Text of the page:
(CNN) -- Roger Federer, hampered by a back injury in recent weeks, pulled out of the Rogers Cup in Montreal with the U.S. Open just around the corner.
"I am disappointed not to be playing in Montreal next week," Federer said in a tournament press release sent to CNN. "It is a great tournament with amazing fans. I look forward to competing there in the future."
Although no reason was given for his absence, Federer said after a surprise defeat to Daniel Brands in his native Switzerland last week that he had been having "serious problems" with the back and needed to take anti-inflammatory medication.
The withdrawal continues a disappointing spell for the 17-time grand slam champion, who turns 32 on Aug. 8.
Federer appeared to be headed in the right direction going into Wimbledon when he won his first title of 2013 in Halle, Germany on grass.
But Federer was upset in the second round by Sergiy Stakhovsky at the All England Club, marking the first time he failed to advance to the round of 32 at a major since 2003.
When the new rankings were released after Wimbledon, he dipped to No. 5, his lowest position in 10 years.
Federer decided to enter tournaments in Hamburg, Germany and Gstaad, Switzerland with a larger racquet -- a significant change for a tennis player -- but lost to opponents outside the top 100 and top 50, respectively.
"A change like this is very important but I honestly can't tell right now due to my low level," Federer said in Gstaad, when asked about the new racquet. "It's hard to analyze anything.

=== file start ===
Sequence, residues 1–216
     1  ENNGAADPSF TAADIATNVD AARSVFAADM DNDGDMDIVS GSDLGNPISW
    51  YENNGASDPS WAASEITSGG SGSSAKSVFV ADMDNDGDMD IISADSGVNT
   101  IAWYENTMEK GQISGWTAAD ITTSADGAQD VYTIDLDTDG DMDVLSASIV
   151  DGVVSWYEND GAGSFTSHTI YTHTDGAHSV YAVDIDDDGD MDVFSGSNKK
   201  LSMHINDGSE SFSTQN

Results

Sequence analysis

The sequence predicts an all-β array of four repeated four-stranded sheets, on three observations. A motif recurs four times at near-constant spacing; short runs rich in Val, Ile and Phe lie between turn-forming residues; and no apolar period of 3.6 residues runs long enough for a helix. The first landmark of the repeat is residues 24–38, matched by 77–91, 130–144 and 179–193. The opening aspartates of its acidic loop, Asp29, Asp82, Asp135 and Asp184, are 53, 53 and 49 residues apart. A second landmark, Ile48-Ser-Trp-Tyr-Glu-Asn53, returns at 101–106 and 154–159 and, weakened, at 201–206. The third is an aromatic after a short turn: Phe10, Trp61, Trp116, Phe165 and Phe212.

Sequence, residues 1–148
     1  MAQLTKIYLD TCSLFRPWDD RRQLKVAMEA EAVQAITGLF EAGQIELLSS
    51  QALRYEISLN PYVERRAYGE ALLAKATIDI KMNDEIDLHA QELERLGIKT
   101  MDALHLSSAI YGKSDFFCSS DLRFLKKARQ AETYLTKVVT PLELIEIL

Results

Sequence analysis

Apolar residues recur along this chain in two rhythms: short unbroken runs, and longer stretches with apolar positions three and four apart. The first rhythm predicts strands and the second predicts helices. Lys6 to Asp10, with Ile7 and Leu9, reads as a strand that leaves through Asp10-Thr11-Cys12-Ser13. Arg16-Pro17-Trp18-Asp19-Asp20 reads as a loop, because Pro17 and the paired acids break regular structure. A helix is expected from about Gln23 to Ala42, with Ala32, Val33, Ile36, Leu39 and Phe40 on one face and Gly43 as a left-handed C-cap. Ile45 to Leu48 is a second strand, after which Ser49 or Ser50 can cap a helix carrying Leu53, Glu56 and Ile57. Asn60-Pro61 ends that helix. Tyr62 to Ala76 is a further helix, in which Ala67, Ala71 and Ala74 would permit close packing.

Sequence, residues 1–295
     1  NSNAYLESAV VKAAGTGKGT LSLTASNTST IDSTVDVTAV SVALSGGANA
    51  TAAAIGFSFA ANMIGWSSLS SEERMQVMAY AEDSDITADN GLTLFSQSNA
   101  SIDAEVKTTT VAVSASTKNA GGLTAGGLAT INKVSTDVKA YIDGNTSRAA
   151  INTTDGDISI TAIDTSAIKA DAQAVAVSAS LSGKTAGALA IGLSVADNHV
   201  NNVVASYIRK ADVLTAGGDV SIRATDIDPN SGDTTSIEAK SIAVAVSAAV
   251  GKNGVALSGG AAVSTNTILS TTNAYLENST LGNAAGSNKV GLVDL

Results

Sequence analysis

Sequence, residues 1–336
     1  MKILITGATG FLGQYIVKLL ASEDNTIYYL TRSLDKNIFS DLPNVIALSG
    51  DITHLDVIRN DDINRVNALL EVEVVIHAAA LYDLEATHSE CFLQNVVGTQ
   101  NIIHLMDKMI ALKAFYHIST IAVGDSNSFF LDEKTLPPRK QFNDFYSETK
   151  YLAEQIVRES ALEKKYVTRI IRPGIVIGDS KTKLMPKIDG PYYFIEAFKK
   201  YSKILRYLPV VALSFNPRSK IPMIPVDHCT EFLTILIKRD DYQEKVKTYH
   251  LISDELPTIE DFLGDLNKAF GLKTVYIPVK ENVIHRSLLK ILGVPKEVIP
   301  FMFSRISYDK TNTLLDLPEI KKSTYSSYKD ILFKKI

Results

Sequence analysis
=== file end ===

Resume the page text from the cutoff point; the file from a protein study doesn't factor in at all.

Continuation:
"I still don't have even enough information to try and explain. I have no clue where I am right now with the racquet change."
If Federer plays at the U.S. Open -- which begins Aug. 26 -- he would participate in a 56th consecutive grand slam tournament, tying the men's record in the Open era.
As one double-digit grand slam winner skipped Montreal, another is set to return.
Rafael Nadal arrived in the Canadian city having not played since a first-round loss to Steve Darcis at Wimbledon.
Nadal has been troubled by his knees this season, despite winning the French Open in June. He returned to the tour early this year following a seven-month layoff.
"I will try to arrive competitive in Montreal because seven weeks without playing isn't ideal for competing in such a difficult tournament," Nadal was quoted as saying by the ATP's website. "But I'll do everything possible for things to go well."
Andy Murray plays his first tournament, too, since ending Britain's 77-year wait for a men's singles winner at Wimbledon.
Novak Djokovic, Murray's opponent in the Wimbledon final, is the top seed in Montreal.